Nor is it just Australia that's affected. There is a whole subculture of people — mainly youngsters — identifying as animals. They call themselves "furries," and the phenomenon is international. A school district in Michigan was recently forced to deny that litter boxes were provided to students who identify as "furries" after a woman made the claim in a school board meeting.

I'll just pause here to note the injustice of this cult calling themselves "furries." Not all animals have fur. What about reptiles? Even among higher animals, those with something like intelligence, fur isn't universal. Octopuses are as intelligent as any furry vertebrate. I urge listeners to join with me in helping to stamp out furry privilege.

Back to the main theme: Those medieval villagers suddenly seized with uncontrollable dance frenzy or dog-barking were, it is generally thought, reacting to something in their food supply.

The villain most often fingered here is ergot, a kind of fungus mold that grows on bread and is known to have hallucinogenic properties. All kinds of mass social aberrations both physical and psychiatric, from plagues to witch hunts, have been blamed on ergot.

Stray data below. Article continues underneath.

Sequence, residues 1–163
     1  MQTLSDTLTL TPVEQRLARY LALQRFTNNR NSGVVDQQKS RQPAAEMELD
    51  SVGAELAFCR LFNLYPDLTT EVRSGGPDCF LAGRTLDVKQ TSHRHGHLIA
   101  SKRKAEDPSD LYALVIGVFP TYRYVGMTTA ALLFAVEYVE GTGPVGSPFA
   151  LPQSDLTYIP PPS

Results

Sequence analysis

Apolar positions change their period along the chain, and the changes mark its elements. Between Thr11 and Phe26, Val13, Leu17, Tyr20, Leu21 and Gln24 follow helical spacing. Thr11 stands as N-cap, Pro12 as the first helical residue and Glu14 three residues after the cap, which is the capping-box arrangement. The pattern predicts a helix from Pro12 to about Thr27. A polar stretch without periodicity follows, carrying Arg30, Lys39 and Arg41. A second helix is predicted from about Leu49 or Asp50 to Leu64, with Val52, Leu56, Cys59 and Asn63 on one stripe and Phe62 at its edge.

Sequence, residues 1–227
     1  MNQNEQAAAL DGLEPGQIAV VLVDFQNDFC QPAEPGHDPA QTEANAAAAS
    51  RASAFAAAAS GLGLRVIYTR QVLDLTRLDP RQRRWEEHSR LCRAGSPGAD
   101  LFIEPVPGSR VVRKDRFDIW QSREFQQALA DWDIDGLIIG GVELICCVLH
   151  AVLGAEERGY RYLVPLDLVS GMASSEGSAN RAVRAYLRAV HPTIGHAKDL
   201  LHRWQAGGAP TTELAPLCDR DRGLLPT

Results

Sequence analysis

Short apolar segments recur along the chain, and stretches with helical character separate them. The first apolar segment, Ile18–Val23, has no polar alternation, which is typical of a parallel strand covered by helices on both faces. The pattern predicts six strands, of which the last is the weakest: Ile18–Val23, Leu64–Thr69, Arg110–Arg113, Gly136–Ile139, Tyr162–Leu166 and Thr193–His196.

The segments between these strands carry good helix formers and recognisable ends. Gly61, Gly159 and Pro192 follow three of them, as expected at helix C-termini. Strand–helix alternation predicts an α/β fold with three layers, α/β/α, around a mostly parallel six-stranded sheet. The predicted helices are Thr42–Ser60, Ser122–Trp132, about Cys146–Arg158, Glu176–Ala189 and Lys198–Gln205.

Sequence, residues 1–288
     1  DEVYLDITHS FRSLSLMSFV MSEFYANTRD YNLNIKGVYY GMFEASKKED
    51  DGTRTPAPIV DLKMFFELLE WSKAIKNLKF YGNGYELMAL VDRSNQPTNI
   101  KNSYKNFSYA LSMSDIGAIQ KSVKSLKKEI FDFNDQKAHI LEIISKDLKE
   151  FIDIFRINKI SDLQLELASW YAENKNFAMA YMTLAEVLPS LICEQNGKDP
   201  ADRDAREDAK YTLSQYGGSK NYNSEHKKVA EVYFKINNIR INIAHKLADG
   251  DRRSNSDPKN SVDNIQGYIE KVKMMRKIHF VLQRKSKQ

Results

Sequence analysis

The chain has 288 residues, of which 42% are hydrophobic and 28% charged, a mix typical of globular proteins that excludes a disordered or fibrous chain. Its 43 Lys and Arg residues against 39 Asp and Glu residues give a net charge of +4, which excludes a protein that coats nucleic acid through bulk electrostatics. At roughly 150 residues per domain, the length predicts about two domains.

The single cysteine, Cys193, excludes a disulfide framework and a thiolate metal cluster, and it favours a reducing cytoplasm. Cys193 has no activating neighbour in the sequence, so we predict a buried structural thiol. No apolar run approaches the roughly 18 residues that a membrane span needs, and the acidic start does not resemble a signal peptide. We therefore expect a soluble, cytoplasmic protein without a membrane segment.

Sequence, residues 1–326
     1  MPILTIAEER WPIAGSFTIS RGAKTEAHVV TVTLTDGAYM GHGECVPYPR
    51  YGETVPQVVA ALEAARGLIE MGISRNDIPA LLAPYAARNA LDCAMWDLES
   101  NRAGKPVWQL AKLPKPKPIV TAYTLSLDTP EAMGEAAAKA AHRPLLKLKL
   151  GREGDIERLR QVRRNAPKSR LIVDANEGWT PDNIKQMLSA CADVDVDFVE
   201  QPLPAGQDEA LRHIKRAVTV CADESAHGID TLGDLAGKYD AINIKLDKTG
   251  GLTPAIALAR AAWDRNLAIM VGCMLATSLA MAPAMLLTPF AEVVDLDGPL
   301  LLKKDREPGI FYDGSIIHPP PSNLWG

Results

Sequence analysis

We don't any longer have to eat moldy bread as our medieval ancestors did, but there are problems with our food supply, as evidenced by the high level of obesity among poor people in the First World. Our civilization is, as has often been noted, the first in history in which poor people are fat and rich people are thin.

Could it be that our diet is giving us psychiatric problems along with the merely physical ones? Among all the myriad chemical compounds, natural and additive, that make up our diet, might there be hallucinogens, perhaps of a slowly cumulative kind?

I'd like to believe that well-credentialed researchers in appropriate fields — microbiology, organic chemistry, neuroscience, and so on — are studying the relationship between the modern First World diet and the weird, irrational hysterias that sweep through our societies from time to time — phenomena like the 2020 George Floyd frenzy or the fast-rising popularity of gender reassignment by chemical or surgical means.